NAB faces $500m fine after dodgy loan allegations
NATIONAL Australia Bank could face a potential fine of more than $500 million after the corporate watchdog launched Federal Court action against the lender over a $24 billion "introducer" loan program alleged to be rife with fraud.
In the first court action stemming from referrals by Kenneth Hayne's banking royal commission, the Australian Securities and Investments Commission today alleged that NAB took information and documents supplied to get loans from third party "introducers" who were not licensed to sell credit, The Australian reports.
The behaviour of 16 NAB bankers who accepted potentially fraudulent documents from 25 introducers for almost 300 loans will be scrutinised by the Federal Court.
The court is being urged to slap NAB with penalties of more than $500 million for breaches of the National Credit Act, which bars unlicensed parties from engaging in the selling of credit.
NAB has been grappling with the fallout from revelations of misconduct by bankers in a clutch of western Sydney branches who were hungry to earn bonuses based on how many home loans they wrote.
The royal commission heard that NAB introducers received a commission of up to 0.6 per cent of a loan for introducing a name and phone number to the bank.
An alleged scam in western Sydney was said to have involved a gym owner and a tailor.
Introducers are supposed to come from professional ranks, including financial planners and lawyers.
Since 2000, NAB has operated the banking sector's largest referral program and between 2013 and 2016, the period in question for ASIC's lawsuit, the bank's introducer program generated $24 billion worth of loans.
Under the scheme, which will be shut down on October 1, the introducers were only meant to provide a name and a contact number for a potential customer.
However, an ASIC investigation found that NAB bankers accepted additional information and documentation from 25 unlicensed introducers, which included completed home loan applications, pay slips, copies of customer identification documents and more.
It's alleged some of these documents were false.
Earlier this week former NAB branch manager Mathew Alwan, who is not one of the 16 bankers involved in ASIC's action, pleaded guilty to fraud over his role in an alleged multimillion-dollar scam exploiting the introducer scheme.
ASIC will tell the Federal Court that the introducers' conduct put consumers at risk of fraud and potentially shunted them into loans that were unsuitable. It will allege NAB breached laws by accepting the assistance of unlicensed introducers. Each breach of the Credit Act carries a maximum penalty of between $1.7 and $1.8 million.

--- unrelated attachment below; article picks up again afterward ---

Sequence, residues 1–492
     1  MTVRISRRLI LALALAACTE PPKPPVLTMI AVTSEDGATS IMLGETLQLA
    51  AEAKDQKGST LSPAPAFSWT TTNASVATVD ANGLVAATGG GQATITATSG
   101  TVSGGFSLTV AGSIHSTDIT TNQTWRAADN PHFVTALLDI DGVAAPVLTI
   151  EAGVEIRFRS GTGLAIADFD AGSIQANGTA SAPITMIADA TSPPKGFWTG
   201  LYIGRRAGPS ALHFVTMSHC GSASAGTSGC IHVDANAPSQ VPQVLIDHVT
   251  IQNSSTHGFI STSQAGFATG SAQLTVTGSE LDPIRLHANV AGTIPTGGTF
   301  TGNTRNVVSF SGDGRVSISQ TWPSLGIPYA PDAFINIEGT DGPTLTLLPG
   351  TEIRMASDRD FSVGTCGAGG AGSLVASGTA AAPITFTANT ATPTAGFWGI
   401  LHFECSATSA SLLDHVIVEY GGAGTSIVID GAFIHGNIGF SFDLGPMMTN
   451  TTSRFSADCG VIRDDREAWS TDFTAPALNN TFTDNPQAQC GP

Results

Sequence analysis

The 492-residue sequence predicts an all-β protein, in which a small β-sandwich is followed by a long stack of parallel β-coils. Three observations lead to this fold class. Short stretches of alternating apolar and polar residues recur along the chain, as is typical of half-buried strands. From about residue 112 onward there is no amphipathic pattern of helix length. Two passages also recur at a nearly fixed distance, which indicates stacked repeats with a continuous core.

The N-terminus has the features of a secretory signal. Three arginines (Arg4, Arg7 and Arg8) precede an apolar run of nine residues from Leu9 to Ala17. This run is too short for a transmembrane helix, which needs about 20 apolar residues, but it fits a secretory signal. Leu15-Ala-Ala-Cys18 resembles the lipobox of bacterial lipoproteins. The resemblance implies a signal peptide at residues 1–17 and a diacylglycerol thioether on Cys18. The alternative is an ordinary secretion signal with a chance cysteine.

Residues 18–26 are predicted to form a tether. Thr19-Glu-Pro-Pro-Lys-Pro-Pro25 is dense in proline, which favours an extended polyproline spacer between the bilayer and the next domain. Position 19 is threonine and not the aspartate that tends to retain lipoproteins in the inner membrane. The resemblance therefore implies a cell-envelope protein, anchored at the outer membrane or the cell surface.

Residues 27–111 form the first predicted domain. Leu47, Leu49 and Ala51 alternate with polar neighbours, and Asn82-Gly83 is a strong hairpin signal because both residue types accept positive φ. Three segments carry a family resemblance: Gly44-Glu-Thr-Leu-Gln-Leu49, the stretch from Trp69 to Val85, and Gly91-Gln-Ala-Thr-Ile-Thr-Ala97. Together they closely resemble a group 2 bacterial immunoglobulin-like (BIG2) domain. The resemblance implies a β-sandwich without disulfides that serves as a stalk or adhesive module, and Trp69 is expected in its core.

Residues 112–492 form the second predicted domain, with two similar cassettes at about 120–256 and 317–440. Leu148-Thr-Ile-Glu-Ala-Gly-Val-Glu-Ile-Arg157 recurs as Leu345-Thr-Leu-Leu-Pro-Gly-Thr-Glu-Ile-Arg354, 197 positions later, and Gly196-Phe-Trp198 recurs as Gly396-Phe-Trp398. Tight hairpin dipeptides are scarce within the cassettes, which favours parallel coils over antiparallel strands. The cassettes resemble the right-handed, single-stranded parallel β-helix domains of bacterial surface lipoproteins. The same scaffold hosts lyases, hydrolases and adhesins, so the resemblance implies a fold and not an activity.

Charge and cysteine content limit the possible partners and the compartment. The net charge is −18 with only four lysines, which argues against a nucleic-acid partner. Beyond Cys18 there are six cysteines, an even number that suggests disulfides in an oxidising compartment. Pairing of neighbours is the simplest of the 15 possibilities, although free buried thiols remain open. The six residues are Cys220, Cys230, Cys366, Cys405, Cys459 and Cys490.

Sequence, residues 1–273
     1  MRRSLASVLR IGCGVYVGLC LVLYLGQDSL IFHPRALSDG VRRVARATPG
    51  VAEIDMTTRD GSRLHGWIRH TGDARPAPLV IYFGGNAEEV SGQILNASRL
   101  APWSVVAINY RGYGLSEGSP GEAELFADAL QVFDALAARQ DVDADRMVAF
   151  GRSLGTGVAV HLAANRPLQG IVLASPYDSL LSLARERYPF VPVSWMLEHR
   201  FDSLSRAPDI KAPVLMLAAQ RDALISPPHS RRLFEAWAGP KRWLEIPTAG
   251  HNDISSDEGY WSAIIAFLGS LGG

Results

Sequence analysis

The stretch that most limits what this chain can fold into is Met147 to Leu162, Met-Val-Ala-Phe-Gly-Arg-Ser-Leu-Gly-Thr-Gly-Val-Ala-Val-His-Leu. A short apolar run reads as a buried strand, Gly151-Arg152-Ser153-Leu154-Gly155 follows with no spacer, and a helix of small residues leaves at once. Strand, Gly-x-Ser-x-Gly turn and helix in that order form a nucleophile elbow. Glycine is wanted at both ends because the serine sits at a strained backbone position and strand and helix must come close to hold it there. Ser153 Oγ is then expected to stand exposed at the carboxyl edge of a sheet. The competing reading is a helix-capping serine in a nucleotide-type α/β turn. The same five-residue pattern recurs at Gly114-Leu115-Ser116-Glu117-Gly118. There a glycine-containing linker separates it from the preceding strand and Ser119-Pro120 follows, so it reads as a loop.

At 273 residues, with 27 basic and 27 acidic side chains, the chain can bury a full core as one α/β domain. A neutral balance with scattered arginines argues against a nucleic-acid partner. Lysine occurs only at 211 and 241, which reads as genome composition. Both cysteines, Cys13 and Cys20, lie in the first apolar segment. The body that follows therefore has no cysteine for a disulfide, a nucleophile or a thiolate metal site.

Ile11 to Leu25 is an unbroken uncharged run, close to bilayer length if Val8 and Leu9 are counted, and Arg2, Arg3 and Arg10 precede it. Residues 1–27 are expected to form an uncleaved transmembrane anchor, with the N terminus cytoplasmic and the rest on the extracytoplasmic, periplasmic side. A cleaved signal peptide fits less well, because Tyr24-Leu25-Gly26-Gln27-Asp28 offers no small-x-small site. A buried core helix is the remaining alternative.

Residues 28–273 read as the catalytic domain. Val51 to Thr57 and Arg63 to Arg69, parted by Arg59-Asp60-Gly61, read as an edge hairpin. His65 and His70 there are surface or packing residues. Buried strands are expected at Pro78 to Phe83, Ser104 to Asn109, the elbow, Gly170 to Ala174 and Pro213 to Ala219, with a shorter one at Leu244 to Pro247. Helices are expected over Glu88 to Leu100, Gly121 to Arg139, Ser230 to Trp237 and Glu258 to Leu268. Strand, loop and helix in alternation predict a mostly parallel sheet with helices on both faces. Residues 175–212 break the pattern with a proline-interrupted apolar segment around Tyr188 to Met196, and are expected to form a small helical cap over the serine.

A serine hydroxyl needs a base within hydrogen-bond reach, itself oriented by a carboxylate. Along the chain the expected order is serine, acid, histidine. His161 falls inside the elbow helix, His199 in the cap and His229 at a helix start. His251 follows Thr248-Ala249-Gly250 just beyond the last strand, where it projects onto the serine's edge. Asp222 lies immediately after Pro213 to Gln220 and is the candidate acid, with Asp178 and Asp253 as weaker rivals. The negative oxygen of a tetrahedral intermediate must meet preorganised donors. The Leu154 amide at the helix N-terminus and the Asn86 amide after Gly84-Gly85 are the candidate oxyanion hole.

NAB chief legal counsel Sharon Cook said the bank would "take this legal action seriously and will now carefully assess the allegations".
"Throughout the royal commission we heard clearly that our actions need to change to meet the expectations of our customers and the community," Ms Cook said, noting the bank had set up a remediation program for affected customers.
Last year, NAB told the royal commission that it expected to pay out "at the lower end of the range of $9 million to $23m" in relation to the program.
The introducer program was recently killed off by NAB acting chief executive and incoming chairman Phil Chronican, who took over from Andrew Thorburn and Ken Henry when the duo resigned in the wake of a shellacking by Mr Hayne in his final report.
The program was shut off to new referrals and by October will no longer exist.
The ASIC action marks the first major court action stemming from a royal commission referral, and the regulator has flagged it has almost 50 more in the pipeline.
Last month ASIC lodged a claim in the Federal Court stemming from the royal commission, alleging ANZ stung customers for more than $50 million as it charged fees to which it was not entitled for nearly 13 years.
NAB reported the fraud ring in western Sydney to police and sacked or showed the door to 21 bankers involved in the scandal, while 100 introducers had their agreements terminated.
However, documents released by the royal commission showed NAB knew about the western Sydney scandal in November 2015, at least three months before it reported the breach to the regulator, far longer than the 10-day window required by law.
NAB's own review of the fraud ring found that bankers were "double-dipping" on bonuses by duplicating and post-dating deals. It also found "kickbacks" between bankers and introducers, who also receive commissions for bringing borrowers to the bank.
NAB also missed "early warning signs" of fraudulent mortgage applications including "inflated salaries" for borrowers with mundane jobs, and out-of-kilter asset valuations and rental appraisals.
This story originally appeared on The Australian and is republished with permission.